Stereotypes, biases and working practices were identified as key reasons why women are choosing to forgo a career in STEM (Science, Technology, Engineering and Mathematics).
Alison gave her thoughts on how best to encourage women to study STEM and increase female participation in digital: "There's nothing that we do in the world anymore that doesn't have a digital element; there is a huge opportunity for people to get engaged in that. It's about what it can do and the difference it can make. I think if there was more of a focus on that and what science can achieve, that might engage more women. At Sopra Steria, thirty percent of our graduate intakes were women over the last two years. We make a point of having a mix of men and women in our teams when we are at recruitment fairs or recruiting."
Other guest speakers included Kate Russell (Host- BBC Click), Jacqueline De Rojas (Area Vice President & General Manager of Citrix Systems in Northern Europe) and Ann Watson (Chief Operating Officer, Semta).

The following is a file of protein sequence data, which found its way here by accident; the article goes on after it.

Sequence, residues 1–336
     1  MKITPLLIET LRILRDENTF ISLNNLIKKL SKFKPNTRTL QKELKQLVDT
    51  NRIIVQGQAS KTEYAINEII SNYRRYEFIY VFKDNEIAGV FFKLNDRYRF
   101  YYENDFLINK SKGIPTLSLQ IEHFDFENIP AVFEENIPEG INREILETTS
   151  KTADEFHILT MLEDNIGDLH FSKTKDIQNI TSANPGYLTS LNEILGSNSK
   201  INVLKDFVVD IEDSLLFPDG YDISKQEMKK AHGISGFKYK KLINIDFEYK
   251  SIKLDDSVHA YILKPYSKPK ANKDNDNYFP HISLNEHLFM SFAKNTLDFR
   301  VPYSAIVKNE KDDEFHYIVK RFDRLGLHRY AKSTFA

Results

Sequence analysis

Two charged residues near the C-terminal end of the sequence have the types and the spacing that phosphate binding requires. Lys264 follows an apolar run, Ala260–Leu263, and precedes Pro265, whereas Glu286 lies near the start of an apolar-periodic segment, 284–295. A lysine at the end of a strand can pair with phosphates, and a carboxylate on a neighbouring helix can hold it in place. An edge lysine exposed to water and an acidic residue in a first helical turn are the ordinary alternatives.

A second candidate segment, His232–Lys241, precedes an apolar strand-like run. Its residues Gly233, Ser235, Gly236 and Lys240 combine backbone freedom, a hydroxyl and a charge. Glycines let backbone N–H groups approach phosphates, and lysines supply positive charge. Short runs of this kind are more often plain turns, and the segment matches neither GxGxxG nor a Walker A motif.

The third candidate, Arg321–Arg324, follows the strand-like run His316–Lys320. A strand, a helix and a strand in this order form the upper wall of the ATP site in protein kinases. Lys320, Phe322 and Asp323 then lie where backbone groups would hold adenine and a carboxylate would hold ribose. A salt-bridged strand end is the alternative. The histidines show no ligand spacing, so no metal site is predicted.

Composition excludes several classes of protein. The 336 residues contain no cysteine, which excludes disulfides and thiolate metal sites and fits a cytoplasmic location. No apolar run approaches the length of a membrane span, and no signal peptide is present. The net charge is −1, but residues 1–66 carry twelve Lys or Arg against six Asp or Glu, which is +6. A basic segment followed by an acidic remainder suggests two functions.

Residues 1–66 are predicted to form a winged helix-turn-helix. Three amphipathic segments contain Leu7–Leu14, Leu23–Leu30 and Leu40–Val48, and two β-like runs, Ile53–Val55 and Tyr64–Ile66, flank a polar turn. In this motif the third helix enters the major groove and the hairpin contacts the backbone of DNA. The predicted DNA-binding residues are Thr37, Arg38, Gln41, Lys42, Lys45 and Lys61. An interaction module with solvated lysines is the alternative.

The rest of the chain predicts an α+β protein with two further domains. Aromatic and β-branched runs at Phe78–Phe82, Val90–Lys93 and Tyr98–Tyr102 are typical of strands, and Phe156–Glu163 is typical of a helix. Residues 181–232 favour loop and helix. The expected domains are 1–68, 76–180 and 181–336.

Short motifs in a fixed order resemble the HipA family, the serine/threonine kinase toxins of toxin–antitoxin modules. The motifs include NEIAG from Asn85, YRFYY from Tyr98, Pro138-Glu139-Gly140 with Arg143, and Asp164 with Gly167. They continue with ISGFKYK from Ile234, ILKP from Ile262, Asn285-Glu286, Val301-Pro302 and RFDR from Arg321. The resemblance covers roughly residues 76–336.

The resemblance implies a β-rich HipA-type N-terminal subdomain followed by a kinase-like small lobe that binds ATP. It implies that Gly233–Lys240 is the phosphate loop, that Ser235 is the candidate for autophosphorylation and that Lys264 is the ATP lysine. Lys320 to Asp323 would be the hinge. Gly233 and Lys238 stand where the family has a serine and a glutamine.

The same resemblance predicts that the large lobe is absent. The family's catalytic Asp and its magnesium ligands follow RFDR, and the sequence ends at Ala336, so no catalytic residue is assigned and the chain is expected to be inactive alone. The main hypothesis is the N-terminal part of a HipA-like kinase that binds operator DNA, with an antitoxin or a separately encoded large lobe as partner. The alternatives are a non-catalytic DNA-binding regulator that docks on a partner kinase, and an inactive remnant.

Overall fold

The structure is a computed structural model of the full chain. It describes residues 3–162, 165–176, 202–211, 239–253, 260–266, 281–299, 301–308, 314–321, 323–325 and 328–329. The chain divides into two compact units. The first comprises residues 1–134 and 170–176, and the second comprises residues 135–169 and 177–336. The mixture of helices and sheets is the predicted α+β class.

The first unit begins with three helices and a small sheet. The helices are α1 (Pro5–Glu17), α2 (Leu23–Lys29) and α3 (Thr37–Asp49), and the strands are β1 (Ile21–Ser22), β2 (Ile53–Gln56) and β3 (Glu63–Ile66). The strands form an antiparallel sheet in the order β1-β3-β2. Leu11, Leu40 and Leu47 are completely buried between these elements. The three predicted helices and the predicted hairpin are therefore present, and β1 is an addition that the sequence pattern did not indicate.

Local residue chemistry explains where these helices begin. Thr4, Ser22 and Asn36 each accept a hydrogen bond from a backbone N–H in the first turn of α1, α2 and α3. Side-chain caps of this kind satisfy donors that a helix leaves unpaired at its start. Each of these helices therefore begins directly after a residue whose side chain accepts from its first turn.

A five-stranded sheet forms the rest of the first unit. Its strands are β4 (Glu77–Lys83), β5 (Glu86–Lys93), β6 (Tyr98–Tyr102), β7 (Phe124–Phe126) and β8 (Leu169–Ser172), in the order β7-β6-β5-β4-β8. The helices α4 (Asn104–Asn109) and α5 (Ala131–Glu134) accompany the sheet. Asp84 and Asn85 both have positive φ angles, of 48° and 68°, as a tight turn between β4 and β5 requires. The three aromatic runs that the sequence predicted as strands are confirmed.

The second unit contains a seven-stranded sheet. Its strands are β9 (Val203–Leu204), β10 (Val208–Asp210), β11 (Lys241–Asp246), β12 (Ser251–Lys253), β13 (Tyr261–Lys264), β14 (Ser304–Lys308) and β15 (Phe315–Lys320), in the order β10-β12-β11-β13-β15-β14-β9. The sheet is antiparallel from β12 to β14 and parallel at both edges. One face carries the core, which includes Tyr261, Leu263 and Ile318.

The speakers stressed the importance of encouraging the study of STEM for future proofing the UK economy* and how the lack of female representation in STEM careers and STEM undergraduate courses clearly has a knock on effect in the digital sector with female representation at just 16%.
Click here to watch the full episode of Digital Leaders TV
Click here to watch the abridged episode of Digital Leaders TV
About the Digital Leaders Programme
The Digital Leaders programme serves as an independent focal point of engagement and resource network for individuals and organisations across the UK and beyond who are committed to delivering sustainable and innovative digital transformation. Sopra supports Digital Leaders in Scotland and Northern Ireland and is helping to expand the digital network and make it more representative of the wide views surrounding digital transformation by providing opportunities for digital leaders to meet locally.
* Science and engineering are major contributors to the prosperity of the United Kingdom contributing around £800bn a year to the UK economy and 10% of the world's top scientific research.